54 acres to Shambhuram s/o Mamaschand.
412. 76 acres
30 acres to shakuntala d/o Mamachand 63 acres toMamanchand as representing the family unit consistingof himself and four minor children.
766.A.90 (B) 74-75
30 acresto Sanjankumar son-in-law of Mamanchand.
7. In Ceiling Case No. 16/A-90-B/74-75, the Competent Authority allowed Rs. 8,255.20 as compensation for the surplus land. Similarly in Ceiling Case No. 18/A-90-B/74-75 the Competent Authority allowed Rs. 1674.60 as compensation and in Ceiling Case No. 766-A-90-B/74-75 the Competent Authority allowed Rs. 100 as compensation for the land declared to be surplus. Applications were filed on 6th April 1977 for additional compensation for trees in accordance with Section 16 (2) as amended by Act No. 13 of 1974 and Rule 3-A of the Rules made under that provision. The Tahsildar counted 3,11,246 trees in the first case, 43,972 in the second case and 4,818 in the third case. On this basis the Competent Authority by three orders passed on 4th December 1979 (Annexures P-10, P-11 and P-12) allowed Rs. 32,26,688 as compensation for trees in the first case (No. 16/A-90-B/74-75) to Shambhuram, Narsinghdas, sons of Mamanchand, and Shakuntala d/o Mamanchand, Rs. 4,44,776 in the second case [No. 18-A(B)/74-75] to Mamanchand and Rs. 49,679/- in the third case [No. 766-A-90(B)/74-75] to Sajankumar. These persons not satisfied even with more than 37 lakhs as compensation filed three appeals before the Collector which were dismissed by three orders dated 31st March 1980. Thereafter three revisions were filed by these persons before the Board of Revenue which bv order dated 14th August 1981 (Annexure P-16) allowed the revisions and remanded the cases to the Competent Authority for re-calculating the additional compensation payable in respect of trees with certain directions. These directions are that Mahua, Char, Jamun, Tendu and Awala be treated as fruit bearing trees lor purposes of compensation and even bamboo and bushes should be counted as trees.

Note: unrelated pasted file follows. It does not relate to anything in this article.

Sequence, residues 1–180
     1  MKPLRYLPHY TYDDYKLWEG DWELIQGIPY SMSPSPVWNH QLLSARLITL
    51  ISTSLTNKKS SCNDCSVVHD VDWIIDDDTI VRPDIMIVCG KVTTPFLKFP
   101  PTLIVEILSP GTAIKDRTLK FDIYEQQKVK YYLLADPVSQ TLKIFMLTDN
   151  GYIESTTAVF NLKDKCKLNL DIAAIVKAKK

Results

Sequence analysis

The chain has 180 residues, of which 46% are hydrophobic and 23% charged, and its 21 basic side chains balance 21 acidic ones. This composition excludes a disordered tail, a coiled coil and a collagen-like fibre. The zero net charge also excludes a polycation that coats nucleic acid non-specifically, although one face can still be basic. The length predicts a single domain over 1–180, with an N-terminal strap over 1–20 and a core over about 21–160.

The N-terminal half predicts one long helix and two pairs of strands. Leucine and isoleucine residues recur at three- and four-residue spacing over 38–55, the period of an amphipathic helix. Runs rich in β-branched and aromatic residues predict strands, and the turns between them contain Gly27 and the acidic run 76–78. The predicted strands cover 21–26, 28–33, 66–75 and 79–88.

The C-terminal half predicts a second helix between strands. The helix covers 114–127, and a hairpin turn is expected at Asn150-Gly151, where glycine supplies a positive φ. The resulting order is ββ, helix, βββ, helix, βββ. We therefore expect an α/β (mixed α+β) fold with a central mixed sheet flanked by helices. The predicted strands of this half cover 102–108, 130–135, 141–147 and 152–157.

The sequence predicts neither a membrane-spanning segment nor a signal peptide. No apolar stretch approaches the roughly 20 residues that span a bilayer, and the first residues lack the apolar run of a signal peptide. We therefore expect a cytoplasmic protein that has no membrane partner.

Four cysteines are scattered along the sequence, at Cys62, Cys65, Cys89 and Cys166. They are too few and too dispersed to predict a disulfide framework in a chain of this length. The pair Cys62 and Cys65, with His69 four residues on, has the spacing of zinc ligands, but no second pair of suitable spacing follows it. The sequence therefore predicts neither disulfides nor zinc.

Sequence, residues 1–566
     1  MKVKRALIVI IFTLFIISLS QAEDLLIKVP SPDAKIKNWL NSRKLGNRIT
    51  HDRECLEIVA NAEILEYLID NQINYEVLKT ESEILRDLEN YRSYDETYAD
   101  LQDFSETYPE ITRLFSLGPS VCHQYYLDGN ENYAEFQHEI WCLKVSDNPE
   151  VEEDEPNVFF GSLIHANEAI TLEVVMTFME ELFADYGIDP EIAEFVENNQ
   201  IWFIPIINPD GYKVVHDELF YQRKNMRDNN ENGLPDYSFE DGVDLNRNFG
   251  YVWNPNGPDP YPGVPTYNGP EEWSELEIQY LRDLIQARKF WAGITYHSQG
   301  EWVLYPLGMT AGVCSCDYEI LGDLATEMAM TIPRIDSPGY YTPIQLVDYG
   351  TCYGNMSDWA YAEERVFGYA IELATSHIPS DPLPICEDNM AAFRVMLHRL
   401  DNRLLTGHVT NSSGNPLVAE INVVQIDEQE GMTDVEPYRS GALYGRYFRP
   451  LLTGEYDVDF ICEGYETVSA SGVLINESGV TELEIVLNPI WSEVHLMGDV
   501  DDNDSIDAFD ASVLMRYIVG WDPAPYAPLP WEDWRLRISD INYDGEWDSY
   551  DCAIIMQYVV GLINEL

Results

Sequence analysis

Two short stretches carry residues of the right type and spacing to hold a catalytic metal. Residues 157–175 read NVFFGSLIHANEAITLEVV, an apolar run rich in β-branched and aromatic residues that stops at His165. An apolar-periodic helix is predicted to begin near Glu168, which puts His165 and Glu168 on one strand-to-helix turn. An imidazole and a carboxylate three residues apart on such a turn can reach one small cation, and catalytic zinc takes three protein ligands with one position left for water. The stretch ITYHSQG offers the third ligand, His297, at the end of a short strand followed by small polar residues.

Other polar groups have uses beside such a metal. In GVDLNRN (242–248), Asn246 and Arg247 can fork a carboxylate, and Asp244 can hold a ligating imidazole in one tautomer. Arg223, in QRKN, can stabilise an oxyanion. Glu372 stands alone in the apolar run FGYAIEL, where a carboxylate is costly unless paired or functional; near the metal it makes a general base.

8. Mamanchand, Shambhuram. Narsinghdas, Shakuntala and Sajankumar were not satisfied even with the direction of the Board of Revenue which it carried out would have resulted in payment of more than a crore as compensation for the trees and they filed Misc. Petition No. 1051 of 1981 for being allowed the market value of the trees as compensation and for a declaration that Rule 3-A and Form A-2 are invalid. But excessive greed is very often a person's undoing. In preparing its defence in answer to Misc. Petition No. 1051 of 1981 the State Government realised the enormous loss to which it was being put by paying additional compensation for the trees in terms of the orders of the Competent Authority and the Board of Revenue. The Slate Government, therefore, apart from contesting the claim in Misc. Petition No. 1051 of 1981, itself filed this writ petition (Misc. Petition No. 275 of 19820 for challenging the entire proceedings taken in the second set of ceiling cases and for quashing all orders made in them including the orders relating to payment of compensation.
9. Before coming to the contentions raised in these petitions it is first necessary to notice the relevant provisions of the Ceiling Act. We have already mentioned that the Madhya pradesh Ceiling Act whch was first enacted in 1960 was drastically amended by Acts Nos. 12 and 13 of 1974 both of which came into force on 7th March 1974. By these Acts the ceiling limit was considerably reduced and certain exemptions were withdrawn. Surplus land under the Act is declared by the Competent Authority under Section 11. Section 5 contains a ban on transfer until a final order is passed under Section 11. Sub-sections (1) and (2) of Section 5 which are relevant read as follows: